Unionized pilots with United Airlines and the former Continental Airlines voted overwhelmingly on July 17 to authorize a possible strike, remaining, in the words of the Air Line Pilots Association (ALPA), “wholly dissatisfied” with the pace of contract negotiations since the two airlines agreed to merge in May 2010.
The near unanimous vote by 94 percent of the eligible pilots represented by ALPA sends a message to the National Mediation Board (NMB), the federal agency that has brokered negotiations between ALPA units representing the pilots and Chicago-based United Continental Holdings since February 2011. Should the NMB determine that further mediated negotiations will not produce an agreement, it can release the parties to “self help” status, which would allow for a strike following a 30-day cooling-off period.
ALPA said the strike authorization vote came after the union sent “multiple letters” to the NMB in May and June, requesting that the agency expedite an agreement by offering arbitration. “The strength of this vote clearly indicates the level of frustration our pilots have with management’s disinterest in reaching a conclusion to negotiations,” stated Capt. Jay Pierce, chairman of the ALPA unit representing the former Continental pilots. The union represents 7,600 United pilots and 4,800 former Continental pilots.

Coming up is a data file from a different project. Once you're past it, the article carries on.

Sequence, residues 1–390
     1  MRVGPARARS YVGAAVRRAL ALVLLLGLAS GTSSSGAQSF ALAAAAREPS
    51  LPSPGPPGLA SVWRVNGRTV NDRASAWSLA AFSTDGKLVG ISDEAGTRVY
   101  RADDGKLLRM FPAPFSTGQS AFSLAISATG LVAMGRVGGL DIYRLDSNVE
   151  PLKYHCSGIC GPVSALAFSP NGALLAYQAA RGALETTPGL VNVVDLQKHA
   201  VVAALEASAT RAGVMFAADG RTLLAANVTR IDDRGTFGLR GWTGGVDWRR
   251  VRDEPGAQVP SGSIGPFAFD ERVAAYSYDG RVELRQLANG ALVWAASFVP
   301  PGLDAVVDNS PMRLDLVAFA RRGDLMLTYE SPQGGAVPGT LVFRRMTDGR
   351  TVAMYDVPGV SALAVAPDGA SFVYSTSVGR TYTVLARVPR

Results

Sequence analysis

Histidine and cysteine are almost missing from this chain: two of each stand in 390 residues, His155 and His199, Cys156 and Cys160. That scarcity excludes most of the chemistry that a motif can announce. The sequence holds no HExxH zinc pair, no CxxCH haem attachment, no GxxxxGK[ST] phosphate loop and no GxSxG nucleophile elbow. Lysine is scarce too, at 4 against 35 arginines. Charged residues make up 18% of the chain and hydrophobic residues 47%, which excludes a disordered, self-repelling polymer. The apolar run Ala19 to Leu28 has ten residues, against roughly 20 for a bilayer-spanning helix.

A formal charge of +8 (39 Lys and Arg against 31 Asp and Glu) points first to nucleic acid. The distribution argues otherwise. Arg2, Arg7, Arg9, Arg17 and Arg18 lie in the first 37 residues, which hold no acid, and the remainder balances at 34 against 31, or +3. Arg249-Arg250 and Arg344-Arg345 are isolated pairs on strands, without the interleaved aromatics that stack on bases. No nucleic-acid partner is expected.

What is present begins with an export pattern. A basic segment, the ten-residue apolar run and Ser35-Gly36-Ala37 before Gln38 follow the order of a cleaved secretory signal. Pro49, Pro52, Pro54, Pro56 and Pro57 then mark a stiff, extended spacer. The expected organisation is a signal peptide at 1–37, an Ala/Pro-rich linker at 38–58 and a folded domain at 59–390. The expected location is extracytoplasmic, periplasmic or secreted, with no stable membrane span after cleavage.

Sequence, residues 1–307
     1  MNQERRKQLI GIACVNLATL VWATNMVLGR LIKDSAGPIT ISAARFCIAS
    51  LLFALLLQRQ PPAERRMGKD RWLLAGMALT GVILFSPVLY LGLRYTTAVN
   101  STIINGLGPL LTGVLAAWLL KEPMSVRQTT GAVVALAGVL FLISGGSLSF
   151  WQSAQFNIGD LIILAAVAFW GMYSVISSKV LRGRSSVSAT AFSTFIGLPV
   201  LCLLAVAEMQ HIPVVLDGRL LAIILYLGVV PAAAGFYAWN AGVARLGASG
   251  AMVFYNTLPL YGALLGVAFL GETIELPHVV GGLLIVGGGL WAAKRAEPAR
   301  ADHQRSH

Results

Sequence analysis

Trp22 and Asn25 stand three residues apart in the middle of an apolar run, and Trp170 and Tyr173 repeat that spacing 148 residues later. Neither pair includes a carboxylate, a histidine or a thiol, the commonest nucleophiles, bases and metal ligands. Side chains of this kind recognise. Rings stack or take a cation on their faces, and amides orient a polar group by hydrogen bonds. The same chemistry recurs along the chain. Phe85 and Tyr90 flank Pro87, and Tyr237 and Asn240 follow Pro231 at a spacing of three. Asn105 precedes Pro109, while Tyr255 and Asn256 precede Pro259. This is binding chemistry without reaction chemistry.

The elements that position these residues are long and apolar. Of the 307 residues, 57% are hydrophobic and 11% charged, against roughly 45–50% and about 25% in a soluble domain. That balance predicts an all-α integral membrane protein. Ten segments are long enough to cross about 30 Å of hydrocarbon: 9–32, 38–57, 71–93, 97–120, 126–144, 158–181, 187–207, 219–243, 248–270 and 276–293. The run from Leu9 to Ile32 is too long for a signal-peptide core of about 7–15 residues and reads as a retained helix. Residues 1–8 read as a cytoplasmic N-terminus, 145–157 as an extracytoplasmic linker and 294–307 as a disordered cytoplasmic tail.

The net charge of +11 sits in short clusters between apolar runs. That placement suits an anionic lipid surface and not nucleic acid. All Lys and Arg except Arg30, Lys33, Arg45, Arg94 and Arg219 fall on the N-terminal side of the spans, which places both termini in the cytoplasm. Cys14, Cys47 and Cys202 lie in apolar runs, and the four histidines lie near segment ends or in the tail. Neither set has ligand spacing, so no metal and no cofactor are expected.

United Continental has made better progress in contract negotiations with flight attendants working for its constituent subsidiaries. On July 17 the company said it had reached a tentative agreement with the Association of Flight Attendants (AFA) covering flight attendants with its Continental Micronesia subsidiary. Four days earlier, flight attendants with the Continental subsidiary had ratified a new contract. Flight attendants with the United subsidiary approved a new contract in February.
United Continental said it started negotiations with the AFA for a joint collective bargaining agreement that would cover some 24,000 flight attendants represented by the union.